1 December 2022 Susannah

Do you find yourself skipping?

Reading a book

To skip, or not to skip … that is the question. If something in a book fails to interest you, do you find yourself skipping conversations or descriptions instead of ploughing through them? If you do skip pages, are you embarrassed or ashamed to admit to it? If you keep a tally of all the books you have read in a year, should the book where you have skipped pages be included in the total? Skipping tends to be one of those issues which divides book lovers.

Does the urge to skip feel like a defeat, a form of cheating since you have not actually read the whole novel? Skippers argue that they are still getting the gist of the novel and if they choose to leave out some pages that fail to interest them, they have a perfect right to do so. If one omits some of the hugely long digressions in Les Misérables, for example, has it seriously impacted on a reader’s experience of getting to know and understand the book? According to W. Somerset Maugham, there’s nothing wrong with skipping. In his essay The Art of Fiction he insists that skipping is fine because “a sensible person does not read a novel as a task. He reads it as a diversion.”

Some readers skip sections that make them miserable or uncomfortable – scenes depicting cruelty to animals, violence inflicted on children, the gruesome state of a corpse, are some examples. And some books should be skipped in their entirety – Fifty Shades of Grey and No Spin: The Autobiography of Shane Warne are two good examples.

Tired parents reading to a child have often resorted to skipping so that the end of the chapter is sooner reached – I do sympathise and was certainly guilty of that myself.

However, generally, I don’t skip!! If I am starting to find a book tedious, I will continue for some chapters and if it still fails to improve, I will then give it up totally, rather than resort to skipping several pages. To me, it makes a book feel like an incomplete experience if I have not read it word for word. I think that’s another big advantage of audio books – it is far more difficult to skip when you are pressing buttons and trying to find a new place to start than it is when flicking through physical pages. I feel that if I skip, I could be missing things that the author feels are vital, and unless you read everything, you will never know what has been missed.

Recent studies show that boys are less thorough readers than girls and are more inclined to skip. I have friends who skip, and others who don’t, and they are all good readers.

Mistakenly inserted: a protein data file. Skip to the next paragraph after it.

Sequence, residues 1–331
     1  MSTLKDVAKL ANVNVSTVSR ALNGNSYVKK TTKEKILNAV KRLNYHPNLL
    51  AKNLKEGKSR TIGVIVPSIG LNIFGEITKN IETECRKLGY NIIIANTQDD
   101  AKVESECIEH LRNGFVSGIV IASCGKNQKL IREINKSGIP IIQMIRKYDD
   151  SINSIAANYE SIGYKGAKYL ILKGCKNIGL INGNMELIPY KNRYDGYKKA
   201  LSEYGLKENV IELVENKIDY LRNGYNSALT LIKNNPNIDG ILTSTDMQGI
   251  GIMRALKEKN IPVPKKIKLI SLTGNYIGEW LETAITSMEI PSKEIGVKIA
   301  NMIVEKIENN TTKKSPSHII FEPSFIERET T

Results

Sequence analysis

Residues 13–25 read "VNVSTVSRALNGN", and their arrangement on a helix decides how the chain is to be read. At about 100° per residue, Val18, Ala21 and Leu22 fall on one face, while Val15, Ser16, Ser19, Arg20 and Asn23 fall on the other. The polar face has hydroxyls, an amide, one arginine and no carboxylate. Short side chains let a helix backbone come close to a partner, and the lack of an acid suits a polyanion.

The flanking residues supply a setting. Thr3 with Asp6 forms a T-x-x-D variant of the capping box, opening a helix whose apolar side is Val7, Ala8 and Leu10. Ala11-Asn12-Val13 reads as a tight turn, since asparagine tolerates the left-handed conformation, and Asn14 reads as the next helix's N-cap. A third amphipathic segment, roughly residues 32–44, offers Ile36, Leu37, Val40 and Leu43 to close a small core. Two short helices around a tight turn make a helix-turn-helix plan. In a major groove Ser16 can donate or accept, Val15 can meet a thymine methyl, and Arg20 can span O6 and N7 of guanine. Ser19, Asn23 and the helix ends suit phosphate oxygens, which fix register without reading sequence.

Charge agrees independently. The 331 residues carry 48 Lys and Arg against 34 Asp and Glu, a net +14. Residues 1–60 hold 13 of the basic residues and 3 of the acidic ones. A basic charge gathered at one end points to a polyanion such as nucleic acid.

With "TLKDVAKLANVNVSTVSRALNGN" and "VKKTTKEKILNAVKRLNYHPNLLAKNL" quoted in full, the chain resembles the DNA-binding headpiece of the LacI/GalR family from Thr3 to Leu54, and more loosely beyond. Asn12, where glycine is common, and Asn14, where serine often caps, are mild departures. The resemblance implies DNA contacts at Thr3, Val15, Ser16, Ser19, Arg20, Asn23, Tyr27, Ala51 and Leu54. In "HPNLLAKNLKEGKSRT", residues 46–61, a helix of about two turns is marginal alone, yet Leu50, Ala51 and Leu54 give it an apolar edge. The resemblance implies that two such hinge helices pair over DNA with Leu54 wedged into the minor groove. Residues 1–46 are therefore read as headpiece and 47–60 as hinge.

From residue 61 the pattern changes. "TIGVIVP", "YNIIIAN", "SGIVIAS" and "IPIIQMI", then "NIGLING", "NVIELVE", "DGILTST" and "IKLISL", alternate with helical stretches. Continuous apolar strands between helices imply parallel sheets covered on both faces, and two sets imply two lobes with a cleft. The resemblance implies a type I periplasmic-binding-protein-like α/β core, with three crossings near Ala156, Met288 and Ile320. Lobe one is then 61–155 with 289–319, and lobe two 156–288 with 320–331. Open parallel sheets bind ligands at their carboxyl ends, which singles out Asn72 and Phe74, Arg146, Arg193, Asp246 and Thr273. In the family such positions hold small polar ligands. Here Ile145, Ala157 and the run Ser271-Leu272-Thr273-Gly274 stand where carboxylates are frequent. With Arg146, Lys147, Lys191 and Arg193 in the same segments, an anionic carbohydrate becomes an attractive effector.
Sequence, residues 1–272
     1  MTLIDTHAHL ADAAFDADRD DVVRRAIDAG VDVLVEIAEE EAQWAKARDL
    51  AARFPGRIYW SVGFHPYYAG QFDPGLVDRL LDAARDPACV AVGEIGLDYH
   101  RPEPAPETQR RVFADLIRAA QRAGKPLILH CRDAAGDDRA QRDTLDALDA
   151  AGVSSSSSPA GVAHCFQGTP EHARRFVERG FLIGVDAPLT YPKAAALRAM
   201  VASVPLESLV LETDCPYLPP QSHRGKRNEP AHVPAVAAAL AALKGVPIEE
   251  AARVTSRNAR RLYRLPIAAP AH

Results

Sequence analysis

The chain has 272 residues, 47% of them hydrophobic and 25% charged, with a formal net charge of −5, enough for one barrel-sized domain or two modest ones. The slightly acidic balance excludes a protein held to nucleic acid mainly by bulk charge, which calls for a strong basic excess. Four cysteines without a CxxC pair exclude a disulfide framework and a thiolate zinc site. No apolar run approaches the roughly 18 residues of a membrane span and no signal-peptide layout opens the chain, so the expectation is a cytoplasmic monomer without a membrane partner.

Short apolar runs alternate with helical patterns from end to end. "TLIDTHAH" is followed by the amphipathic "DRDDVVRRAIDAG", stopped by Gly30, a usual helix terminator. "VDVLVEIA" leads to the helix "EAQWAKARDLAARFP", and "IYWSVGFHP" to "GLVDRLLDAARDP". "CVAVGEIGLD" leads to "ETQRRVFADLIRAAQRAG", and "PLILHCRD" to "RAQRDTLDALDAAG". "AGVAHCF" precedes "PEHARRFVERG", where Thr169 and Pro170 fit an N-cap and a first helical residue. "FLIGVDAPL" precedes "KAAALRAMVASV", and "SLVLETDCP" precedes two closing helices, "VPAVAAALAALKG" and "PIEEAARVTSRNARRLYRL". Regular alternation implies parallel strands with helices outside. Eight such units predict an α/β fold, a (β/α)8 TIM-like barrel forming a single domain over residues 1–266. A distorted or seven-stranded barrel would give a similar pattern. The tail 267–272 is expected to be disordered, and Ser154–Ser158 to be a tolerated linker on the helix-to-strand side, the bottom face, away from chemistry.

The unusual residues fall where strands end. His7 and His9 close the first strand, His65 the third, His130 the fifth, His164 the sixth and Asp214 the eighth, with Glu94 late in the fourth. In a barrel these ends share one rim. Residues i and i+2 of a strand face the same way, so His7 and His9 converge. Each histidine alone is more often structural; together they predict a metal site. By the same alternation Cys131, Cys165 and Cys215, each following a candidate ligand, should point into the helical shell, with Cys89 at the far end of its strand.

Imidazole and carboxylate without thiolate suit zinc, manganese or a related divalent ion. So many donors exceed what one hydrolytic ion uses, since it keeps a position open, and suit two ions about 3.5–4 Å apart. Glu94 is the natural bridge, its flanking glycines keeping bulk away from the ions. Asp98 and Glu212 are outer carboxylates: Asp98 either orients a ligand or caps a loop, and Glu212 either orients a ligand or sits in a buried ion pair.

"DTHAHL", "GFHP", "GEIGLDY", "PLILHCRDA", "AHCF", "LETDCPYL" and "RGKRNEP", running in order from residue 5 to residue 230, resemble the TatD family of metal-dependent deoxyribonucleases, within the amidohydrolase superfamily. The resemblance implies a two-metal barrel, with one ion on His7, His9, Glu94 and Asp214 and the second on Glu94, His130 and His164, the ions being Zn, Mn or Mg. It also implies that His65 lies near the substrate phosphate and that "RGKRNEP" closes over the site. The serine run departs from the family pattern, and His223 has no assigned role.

Is this a habit you resort to? I’d love to hear your views on skipping your way through books. Tell me here in a comment.

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Featured image- Reading a book, image by Sabine van Erp from Pixabay, https://pixabay.com/photos/hands-old-old-age-senior-citizens-4344703/
Body image- ‘Chapturn’, from The Kid Dictionary by Eric Ruhalter, https://www.goodreads.com/en/book/show/14296578, image from https://www.facebook.com/toocandotplay/photos/a.115299927035854/316716293560882/

Comments (5)

  1. Diana Paulin

    Generally I don’t skip at all, I an totally committed and absorbed, but sometimes – rarely – I give up if a book is not “getting” to me

  2. For most books, I read them entirely. But sometimes there is a book worth reading–maybe a classic, or a book about some topic that interests me–but there are parts I don’t want to read. I might skip sex scenes, or scenes of violence or abuse, because I don’t want those things stuck in my mind. Or, in an older book like Moby Dick or even when I read Ann Radcliffe as background to Northanger Abbey, there might be long portions that feel repetitive or dull to me (while original readers probably enjoyed them)–in that case I feel free to skip those sections in order to get the main ideas of the story.
    One reason that I prefer books to audio books or movies is that I can easily skip those sections that I don’t want to read–I can see where they start and usually easily find where they finish.
    I don’t think you were referring to nonfiction, but certainly in nonfiction books it’s often appropriate to just read the sections/chapters that interest you or that hold the information you are looking for.
    So, yes, I think it’s fine to skip parts of books when needed!

    • Susannah Fullerton

      I agree that non-fiction is a very different matter and in those I do often skip, depending on what I need it for.
      Yes, Ann Radcliffe is an author where skipping can well be jsutified. Her heoines seem to faint on almost every page!

  3. Carolyn Cossgrove

    My kids always knew when I’d skip pages…very frustrating! Thankfully they all read for themselves now.

    • Susannah Fullerton

      Mine soon learned when I was skipping as well, and when you are tired and just want them all asleep, it is hard!

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